Cernea (1997; 2003) point out that DIDR negatively impacts on the living standards and livelihood outcomes of displaced communities. In addition, it can be revealed within this perspective that the most vulnerable in society such as the disabled, the elderly and children are the most affected by DIDR leading to their impoverishment (Cernea, 2003). While, Maldonado (2003) argues that effects of forced displacement are not confined to just the physical relocation of people, it also impacts on people’s lives economically, physically, culturally and socially leading to their impoverishment. Therefore, it can be reasoned within this perspective that DIDR due to the construction of the Tokwe-Mukosi dam has had wide ranging impacts, cutting across all spheres of life of the people. Robinson (2003:06) states, “Impoverishment and disempowerment have rather been the rule than the exception with resettled people due to development projects”. This observation can be utilised to explain the impoverishment and disempowerment incurred by the people of Tokwe-Mukosi due to their displacement.
Michael Cernea constructed a model, known as the Impoverishment Risks and Reconstruction (IRR) model to analyse the effects of involuntary displacement that came as a result of major development projects (Robinson, 2003). Cernea’s model proposes that “the onset of impoverishment can be represented through a model of eight interlinked potential risks to displacement” (Cernea, 2003). These are landlessness, homelessness, marginalisation, food insecurity, increased morbidity and mortality, loss of access to common property and social disintegration. In addition, as asserted by Cernea (as cited in Turton, 2009:29), “some people enjoy the gains of development, while others bear its pains”. Hence, while communities around Tokwe-Mukosi dam and investors are going to enjoy the gains of the construction of the dam, the IDPs are bearing the pains due to displacement. Thus, based on Cernea’s model it can be revealed that the people of Tokwe-Mukosi have been impact in the eight dimensions due to the displacement.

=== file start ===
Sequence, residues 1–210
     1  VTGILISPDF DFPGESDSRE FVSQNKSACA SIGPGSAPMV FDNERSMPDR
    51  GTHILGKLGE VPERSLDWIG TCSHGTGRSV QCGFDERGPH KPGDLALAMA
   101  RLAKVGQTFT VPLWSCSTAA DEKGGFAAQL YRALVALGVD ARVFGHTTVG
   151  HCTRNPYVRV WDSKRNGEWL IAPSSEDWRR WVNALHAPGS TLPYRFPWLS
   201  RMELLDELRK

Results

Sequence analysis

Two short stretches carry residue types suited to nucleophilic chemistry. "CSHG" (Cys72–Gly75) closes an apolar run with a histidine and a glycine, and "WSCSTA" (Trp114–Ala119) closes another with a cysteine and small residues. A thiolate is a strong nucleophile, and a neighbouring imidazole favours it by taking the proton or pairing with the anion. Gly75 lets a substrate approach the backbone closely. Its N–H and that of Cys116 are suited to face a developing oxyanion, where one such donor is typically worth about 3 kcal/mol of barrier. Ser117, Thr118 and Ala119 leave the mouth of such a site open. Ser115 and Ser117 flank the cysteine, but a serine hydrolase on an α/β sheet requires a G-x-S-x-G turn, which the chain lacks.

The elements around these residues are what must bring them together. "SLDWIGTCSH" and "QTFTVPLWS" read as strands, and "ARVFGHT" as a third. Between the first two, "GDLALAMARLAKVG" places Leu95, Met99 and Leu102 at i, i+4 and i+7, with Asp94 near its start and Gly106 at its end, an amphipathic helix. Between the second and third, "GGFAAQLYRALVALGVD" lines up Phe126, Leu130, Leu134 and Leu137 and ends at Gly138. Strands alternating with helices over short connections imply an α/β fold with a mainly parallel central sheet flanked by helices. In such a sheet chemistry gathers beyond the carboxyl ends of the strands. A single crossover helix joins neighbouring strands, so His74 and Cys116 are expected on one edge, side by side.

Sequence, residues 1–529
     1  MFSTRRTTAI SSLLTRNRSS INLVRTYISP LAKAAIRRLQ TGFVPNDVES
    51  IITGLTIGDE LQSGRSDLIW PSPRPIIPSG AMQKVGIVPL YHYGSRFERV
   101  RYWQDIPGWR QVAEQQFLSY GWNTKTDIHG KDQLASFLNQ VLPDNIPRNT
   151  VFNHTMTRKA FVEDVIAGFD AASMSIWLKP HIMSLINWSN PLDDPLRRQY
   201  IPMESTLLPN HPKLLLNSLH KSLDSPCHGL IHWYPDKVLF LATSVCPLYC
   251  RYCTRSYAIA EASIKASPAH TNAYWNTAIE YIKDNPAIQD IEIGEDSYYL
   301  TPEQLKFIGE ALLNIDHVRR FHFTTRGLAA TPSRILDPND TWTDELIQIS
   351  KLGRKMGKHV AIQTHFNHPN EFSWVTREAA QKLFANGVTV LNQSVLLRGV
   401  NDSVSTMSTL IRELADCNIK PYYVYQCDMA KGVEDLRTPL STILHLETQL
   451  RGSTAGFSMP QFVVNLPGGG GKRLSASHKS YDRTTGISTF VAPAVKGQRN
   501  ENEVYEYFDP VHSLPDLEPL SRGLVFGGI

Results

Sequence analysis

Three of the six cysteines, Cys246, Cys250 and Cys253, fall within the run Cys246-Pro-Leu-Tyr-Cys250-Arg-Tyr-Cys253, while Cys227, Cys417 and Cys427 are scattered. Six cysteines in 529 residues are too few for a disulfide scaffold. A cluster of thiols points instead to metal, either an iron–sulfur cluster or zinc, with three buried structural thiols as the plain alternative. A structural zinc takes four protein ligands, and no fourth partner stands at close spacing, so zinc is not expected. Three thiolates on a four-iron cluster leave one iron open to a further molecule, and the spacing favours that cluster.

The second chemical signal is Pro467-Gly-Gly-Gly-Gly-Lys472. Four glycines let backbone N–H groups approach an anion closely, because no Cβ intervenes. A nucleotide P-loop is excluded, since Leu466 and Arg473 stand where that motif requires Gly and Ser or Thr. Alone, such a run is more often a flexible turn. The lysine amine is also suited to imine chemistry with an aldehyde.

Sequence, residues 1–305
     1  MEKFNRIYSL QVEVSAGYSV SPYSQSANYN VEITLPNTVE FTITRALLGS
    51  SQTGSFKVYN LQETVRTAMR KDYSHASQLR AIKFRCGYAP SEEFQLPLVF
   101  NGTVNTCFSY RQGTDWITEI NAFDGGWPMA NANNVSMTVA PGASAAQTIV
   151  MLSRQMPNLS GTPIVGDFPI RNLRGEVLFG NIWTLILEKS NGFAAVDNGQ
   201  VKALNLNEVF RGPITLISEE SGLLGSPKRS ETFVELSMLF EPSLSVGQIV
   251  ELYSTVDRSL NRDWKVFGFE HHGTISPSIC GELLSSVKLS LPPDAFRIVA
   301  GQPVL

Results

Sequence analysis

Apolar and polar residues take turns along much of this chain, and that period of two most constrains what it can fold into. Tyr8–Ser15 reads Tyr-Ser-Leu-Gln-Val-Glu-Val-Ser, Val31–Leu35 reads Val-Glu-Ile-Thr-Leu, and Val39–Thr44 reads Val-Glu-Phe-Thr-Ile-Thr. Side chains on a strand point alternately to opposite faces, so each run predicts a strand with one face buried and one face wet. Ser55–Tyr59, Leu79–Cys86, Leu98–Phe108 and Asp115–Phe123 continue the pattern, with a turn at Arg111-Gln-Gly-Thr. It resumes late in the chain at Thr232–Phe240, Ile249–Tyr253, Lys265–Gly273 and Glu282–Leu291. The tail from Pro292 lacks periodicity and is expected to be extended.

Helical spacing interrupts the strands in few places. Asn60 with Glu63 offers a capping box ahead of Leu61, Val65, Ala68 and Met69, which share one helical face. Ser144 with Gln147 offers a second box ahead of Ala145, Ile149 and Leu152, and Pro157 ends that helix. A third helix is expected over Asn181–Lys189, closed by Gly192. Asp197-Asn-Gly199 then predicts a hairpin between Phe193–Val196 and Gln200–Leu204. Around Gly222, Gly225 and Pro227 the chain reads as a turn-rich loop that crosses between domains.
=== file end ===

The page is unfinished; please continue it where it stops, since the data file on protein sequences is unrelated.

2.3 The Legal Perspective
Another emerging narrative on the Tokwe-Mukosi floods can be reffered to as the legal perspective. The legal perspective seeks to interrogate the Tokwe-Mukosi phenomena through an assessment of Zimbabwe’s adherence to various international conventions such as the African Union’s Convention on the protection and assistance of internally displaced persons on the protection and assistance of internally displaced persons. Adebe (2011) avers that the African Convention on the protection and assistance of internally displaced persons also known as the Kampala Convention, due to an increase in the number of internally displaced persons (IDPs) in Africa. Giustiniani (2012) puts the number of IDPs around the world at 26 million of which 11 million in Africa.